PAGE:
“I teared up when I heard the news,” Lucy Hernandez, ’14, said. “Professor Gallant is more than just a professor, she’s a mentor and a role model to me. It’s truly upsetting to know that the person I look up to won’t be around anymore.”
Eric Hess, ’14, was also saddened by the news that Gallant would not be returning Lehigh next fall. Hess believes that Gallant will be greatly missed in the College of Business and Economics.
“I choose to attend Lehigh for the opportunity to have mentors like Professor Gallant, people who take a genuine interest other’s success,”Hess said. “The students of Lehigh deserve to have a faculty that cares about them, we deserve to have Beth Gallant as a professor.”
Jennifer O’Leary, ’14, shared similar sentiments. O’Leary said that Gallant is the most caring, helpful and passionate faculty member she has had the experience of working with during her four years at Lehigh.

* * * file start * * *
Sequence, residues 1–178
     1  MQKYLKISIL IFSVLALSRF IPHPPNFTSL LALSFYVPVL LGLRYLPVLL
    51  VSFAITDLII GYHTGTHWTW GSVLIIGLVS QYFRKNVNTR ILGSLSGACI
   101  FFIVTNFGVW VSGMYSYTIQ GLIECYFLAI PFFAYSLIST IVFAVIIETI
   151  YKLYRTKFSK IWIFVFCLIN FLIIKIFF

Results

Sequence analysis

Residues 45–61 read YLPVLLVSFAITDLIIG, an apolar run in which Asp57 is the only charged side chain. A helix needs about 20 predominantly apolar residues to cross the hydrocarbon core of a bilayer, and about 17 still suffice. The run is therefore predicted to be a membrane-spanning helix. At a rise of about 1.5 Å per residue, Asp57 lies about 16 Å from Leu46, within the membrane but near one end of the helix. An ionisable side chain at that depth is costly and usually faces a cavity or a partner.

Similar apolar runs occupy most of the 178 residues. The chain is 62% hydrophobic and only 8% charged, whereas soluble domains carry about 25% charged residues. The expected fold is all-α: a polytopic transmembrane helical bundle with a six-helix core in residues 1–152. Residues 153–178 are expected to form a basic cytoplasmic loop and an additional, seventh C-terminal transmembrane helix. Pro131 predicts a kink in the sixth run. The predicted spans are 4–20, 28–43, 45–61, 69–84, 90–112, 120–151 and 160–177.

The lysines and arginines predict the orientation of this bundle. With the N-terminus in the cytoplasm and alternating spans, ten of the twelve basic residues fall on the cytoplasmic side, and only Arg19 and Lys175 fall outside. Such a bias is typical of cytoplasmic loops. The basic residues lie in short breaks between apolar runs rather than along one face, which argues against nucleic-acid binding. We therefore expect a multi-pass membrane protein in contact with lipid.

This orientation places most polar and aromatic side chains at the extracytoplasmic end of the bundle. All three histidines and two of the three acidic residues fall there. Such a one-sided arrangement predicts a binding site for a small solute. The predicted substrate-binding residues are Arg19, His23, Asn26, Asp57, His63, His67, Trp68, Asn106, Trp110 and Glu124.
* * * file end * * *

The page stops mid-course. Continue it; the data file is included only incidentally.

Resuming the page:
“If Lehigh is truly interested in their students’ success and wishes to uphold their policy of ‘securing the most dedicated faculty,’ they will reconsider this decision,” she said.
Mary Brune, ’14, attested to Gallant’s success as a professor as well, but believes that Gallant’s work outside of the classroom is equally as important to address.
“She is an amazing mentor in regards to career development and even personal guidance,” Brune said. “I have never seen another professor, in any department, take as much of a personal interest in her students’ well-being — even extending to life post-grad. I’m still hoping the Lehigh faculty and administration will reconsider her employment for the sake of the future of the marketing department.”
Gallant reflected on the experience of speaking up, which she believes ultimately may have played a role in her dismissal as a professor for next semester.
“So my parting words are: Never watch something happen in life that you don’t think ethically or morally is right,” Gallant said. “You have to speak up. If you think about history, nothing has ever changed unless people have spoken up. Things will never change in your world if you just sit back and are passive.”